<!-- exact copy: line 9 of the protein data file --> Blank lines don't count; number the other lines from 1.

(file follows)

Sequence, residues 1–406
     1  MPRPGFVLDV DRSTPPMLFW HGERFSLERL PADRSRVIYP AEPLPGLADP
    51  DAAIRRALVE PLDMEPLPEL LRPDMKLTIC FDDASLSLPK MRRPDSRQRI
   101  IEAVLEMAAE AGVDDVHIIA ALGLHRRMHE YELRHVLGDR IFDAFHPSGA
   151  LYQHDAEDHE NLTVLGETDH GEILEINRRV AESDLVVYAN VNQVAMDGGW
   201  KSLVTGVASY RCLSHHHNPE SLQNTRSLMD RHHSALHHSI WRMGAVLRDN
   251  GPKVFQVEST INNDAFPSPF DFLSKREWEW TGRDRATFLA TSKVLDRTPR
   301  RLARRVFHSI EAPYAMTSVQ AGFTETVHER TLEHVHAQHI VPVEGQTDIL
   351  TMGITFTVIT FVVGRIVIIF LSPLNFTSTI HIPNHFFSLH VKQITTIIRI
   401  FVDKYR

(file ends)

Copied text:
   351  TMGITFTVIT FVVGRIVIIF LSPLNFTSTI HIPNHFFSLH VKQITTIIRI